Piko is the Philippine variation of the game hopscotch. The players stand behind the edge of a box, and each should throw their cue ball. The first to play is determined depending on the players' agreement (e.g. nearest to the moon, wings or chest). Whoever succeeds in throwing the cue ball nearest to the place that they have agreed upon will play first. The next nearest is second, and so on.

Chinese Garter Two people hold both ends of a stretched garter horizontally while the others attempt to cross over it. The goal is to cross without having tripped on the garter. With each round, the garter's height is made higher than the previous round (the game starts with the garter at ankle-level, followed by knee-level, until the garter is positioned above the head). The higher rounds demand dexterity, and the players generally leap with their feet first in the air, so their feet cross over the garter, and they end up landing on the other side. Also, with the higher levels, doing cartwheels to "cross" the garter is allowed.

Holen You should hold the ball called holen in your hand then throw it to hit the players ball out of the playing area. Who ever got the most marbles win the game. You can also win the game by eliminating your opponent by aiming and hitting his marble. You have to be sharp shooter to be a winner.

Iring-Iring - go round and round until the hanky drops - After the it is determined, he or she goes around the circle and drops the handkerchief behind a person.

Langit-lupa (lit. heaven and earth) one it chases after players who are allowed to run on level ground (lupa) and clamber over objects (langit). The "It" may tag players who remain on the ground, but not those who are standing in the "langit" (heaven). The tagged player then becomes "It" and the game continues.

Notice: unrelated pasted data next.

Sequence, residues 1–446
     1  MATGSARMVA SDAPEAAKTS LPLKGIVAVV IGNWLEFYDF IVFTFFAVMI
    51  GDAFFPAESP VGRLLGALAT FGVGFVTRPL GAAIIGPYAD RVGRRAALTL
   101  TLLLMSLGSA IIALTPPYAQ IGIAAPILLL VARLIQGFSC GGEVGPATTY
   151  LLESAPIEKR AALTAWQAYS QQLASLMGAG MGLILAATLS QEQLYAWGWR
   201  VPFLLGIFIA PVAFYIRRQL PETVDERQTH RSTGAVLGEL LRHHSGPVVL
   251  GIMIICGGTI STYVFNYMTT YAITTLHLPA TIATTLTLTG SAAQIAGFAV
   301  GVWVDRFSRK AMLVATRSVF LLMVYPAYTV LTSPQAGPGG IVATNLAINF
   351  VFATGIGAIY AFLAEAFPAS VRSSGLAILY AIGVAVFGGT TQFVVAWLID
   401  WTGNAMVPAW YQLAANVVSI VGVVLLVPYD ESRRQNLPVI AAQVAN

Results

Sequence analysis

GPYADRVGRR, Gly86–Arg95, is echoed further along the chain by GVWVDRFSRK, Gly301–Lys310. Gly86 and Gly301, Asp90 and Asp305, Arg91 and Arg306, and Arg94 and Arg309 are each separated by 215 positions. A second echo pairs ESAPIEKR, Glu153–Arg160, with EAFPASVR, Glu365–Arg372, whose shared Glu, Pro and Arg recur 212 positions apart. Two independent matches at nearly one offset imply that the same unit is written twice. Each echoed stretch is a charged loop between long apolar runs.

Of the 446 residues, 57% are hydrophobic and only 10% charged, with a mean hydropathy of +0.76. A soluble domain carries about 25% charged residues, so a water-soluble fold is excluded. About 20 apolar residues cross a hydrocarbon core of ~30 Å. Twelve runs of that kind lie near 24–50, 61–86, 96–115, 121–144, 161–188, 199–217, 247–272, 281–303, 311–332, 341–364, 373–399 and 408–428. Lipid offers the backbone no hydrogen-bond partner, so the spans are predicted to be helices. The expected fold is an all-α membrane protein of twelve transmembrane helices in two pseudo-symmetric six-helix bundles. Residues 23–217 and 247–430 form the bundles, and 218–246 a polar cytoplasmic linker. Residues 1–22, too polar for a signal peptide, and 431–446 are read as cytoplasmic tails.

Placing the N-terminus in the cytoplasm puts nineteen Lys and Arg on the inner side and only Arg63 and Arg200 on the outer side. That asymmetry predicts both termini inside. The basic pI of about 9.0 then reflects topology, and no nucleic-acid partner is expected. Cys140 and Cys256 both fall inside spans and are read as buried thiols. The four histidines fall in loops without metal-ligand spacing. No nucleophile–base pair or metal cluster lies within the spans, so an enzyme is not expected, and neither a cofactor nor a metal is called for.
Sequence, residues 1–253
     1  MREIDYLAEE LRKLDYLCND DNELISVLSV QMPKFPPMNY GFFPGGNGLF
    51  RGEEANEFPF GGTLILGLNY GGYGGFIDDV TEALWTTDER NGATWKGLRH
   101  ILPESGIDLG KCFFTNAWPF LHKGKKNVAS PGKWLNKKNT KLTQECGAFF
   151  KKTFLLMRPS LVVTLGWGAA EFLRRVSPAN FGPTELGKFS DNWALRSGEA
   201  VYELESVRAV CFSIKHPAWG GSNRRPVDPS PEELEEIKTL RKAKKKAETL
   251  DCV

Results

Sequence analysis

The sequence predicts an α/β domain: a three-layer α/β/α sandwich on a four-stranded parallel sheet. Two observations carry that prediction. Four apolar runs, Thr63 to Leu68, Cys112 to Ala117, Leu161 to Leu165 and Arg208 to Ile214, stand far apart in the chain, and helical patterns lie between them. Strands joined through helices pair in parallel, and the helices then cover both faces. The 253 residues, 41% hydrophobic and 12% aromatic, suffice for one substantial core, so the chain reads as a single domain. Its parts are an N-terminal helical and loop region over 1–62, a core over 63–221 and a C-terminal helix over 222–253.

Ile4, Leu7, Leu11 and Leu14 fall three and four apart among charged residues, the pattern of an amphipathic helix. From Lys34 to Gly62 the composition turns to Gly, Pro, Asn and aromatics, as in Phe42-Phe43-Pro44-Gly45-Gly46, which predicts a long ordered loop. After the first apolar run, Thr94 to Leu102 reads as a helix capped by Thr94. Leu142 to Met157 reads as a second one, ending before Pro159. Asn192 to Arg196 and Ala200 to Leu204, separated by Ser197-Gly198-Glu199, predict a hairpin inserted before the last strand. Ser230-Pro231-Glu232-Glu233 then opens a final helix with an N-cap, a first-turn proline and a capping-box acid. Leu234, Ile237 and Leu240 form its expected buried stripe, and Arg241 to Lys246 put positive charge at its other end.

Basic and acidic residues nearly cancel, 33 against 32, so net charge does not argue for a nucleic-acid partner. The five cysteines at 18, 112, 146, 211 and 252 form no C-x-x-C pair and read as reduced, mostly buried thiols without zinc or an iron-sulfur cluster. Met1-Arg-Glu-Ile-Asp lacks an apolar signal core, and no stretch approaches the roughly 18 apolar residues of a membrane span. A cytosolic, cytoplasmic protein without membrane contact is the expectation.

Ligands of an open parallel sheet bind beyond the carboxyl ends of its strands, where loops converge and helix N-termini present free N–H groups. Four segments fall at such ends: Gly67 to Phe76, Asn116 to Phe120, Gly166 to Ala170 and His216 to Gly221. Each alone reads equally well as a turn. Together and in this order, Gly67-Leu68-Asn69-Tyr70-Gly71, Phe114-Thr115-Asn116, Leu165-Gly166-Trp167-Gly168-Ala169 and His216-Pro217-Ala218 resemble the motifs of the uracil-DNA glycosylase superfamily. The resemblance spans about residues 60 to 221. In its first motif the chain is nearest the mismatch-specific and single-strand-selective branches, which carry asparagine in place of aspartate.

Pitik-Bulag this game involves 2 players. One covers his eyes with a hand while the other flicks a finger (pitik) over the hand covering the eyes. The person with the covered eyes gives a number with his hand the same time the other does. If their numbers are the same, then they exchange roles in the game. Another version of this is that the blind (bulag) will try to guess the finger that the other person used to flick him/her.

Taguan - hide and seek in America. What is unique in Tagu-Taguan compared to its counterpart, hide and seek, is that this game is usually played at sunset or at night as a challenge for the it to locate those who are hiding under the caves in Laguna, Cavite which is a popular site for pro taguan players. The it needs to sing the following before he/she start seeking:

Tinikling A game variant of the tinikling dance, with the same goal - for the players to dance nimbly over the clapping bamboo "maw" without having their ankles caught.

Ubusan lahi - clannicide - One tries to conquer the members of a group (as in claiming the members of another's clan). The tagged player from the main group automatically becomes an ally of the tagger. The more players, the better. The game will start with only one it and then try to find and tag other players. Once one player is tagged, he or she then will help the it to tag the other players until no other participant is left. Some people also know this as Bansai.